The thirteenth issue of the African Water Association (AfWA) technical and bilingual magazine, Share Water, is now available. It provides solutions in terms of guidelines and tools likely to help manage the WASH businesses efficiently and mitigate the shortage of water supply, for improved access to sustainable water and sanitation services for all in Africa.

Among these solutions, the water safety plan (WSP) approach is widely recognized as the most reliable and effective way to consistently manage drinking-water supplies to safeguard public health. Since the introduction of WSPs in the third edition of the WHO Guidelines for Drinking water Quality (GDWQ) and the International Water Association (IWA) Bonn Charter for Safe Drinking Water in 2004, a significant number of water suppliers have implemented WSPs, and many governments are actively promoting their implementation and/or inclusion in national legislation.

Some benefits of WSP implementation include the promotion of public health by continuously assuring safer drinking-water for consumers, the setting up of a proactive (rather than reactive) framework for managing drinking water quality, the early identification of new/increased risks-incidents, the in-depth systematic evaluation of water systems, and much more…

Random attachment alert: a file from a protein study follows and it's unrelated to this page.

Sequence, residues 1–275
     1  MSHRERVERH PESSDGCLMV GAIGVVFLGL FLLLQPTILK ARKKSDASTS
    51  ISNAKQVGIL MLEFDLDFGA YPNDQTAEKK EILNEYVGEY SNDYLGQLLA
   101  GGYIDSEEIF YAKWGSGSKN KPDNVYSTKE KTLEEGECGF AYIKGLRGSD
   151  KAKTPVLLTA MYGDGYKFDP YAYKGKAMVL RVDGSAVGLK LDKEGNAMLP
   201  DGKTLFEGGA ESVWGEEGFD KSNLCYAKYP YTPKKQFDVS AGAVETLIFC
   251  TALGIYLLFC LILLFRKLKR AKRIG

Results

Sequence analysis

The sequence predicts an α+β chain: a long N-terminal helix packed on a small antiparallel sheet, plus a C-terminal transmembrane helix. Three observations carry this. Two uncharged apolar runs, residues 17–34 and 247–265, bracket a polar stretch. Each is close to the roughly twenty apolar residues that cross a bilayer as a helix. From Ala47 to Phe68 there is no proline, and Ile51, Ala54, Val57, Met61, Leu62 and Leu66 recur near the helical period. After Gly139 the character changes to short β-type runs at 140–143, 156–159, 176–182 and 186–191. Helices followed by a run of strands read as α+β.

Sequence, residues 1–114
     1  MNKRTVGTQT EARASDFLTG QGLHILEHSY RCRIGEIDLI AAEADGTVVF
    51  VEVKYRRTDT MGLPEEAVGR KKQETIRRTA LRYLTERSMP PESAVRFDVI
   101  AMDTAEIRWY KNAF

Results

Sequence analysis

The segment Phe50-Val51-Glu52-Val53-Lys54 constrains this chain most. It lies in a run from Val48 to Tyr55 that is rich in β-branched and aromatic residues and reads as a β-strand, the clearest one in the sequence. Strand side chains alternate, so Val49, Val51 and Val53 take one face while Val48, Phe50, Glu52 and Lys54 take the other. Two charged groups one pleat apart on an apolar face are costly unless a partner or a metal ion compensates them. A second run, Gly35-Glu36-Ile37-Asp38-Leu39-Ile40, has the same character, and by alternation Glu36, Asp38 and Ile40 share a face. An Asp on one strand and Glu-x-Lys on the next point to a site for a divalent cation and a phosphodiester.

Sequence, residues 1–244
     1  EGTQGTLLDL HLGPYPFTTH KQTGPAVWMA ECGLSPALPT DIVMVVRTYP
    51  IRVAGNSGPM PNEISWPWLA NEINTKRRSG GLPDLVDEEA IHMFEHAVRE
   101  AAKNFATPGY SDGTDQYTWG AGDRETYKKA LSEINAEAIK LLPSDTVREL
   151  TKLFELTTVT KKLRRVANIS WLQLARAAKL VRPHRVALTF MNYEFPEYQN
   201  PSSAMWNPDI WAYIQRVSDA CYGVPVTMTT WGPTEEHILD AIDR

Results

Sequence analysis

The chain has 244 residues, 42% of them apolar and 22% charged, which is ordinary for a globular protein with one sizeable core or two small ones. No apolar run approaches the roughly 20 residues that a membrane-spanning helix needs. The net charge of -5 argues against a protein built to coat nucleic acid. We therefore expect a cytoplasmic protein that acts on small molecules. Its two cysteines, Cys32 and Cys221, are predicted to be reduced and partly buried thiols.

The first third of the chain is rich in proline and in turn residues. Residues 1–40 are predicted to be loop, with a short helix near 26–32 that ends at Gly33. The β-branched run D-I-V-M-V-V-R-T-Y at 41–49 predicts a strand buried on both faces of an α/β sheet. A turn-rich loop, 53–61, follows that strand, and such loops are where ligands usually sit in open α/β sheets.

In Ghana, most water point revenues are consistently below their estimated potential because vendors do not fully enforce pay-as-you-fetch tariffs. Low revenue collection undermines the ability of water systems to cover all maintenance and operating expenses. Aquaya evaluated whether installing branded kiosks at rural water points could increase revenue collection. In the five months following kiosk installation, daily water point revenues increased by a median of 51% or 1.1 GHS (0.2 USD). Revenue increases were very variable across sites, indicating that this intervention is not equally effective in all settings.

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Innovative smart metering system for water

The using of traditional water meters often leads to difficulties like long collection period, low collection ratio and high Non Revenue Water. Smart Water Meters is a brilliant system to overcome these difficulties. For example, in Zambia the performance increased to 65% after pre-paid meters installation by National Water and Sewerage Corporation (NWSC). Benefits of smart metering system are : compatibility with Africa Water Utilities, no more historical debt, cash flow improvement, automatic data collection, customer persona, efficiency improvement.


Chaque année le pS-Eau référence les projets portés par la coopération décentralisée et non gouvernementale française intervenant sur le secteur de l’Eau, de l’Assainissement et de l’Hygiène. Ce document fait le bilan annuel 2020 du Burkina Faso des projets ayant bénéficié d’un financement de la part de collectivités territoriales et agences de l’Eau françaises durant l’année 2020. Depuis 2006, environ 480 projets de coopération ont été recensés au Burkina Faso, représentant un total de plus de 56 millions d’euros.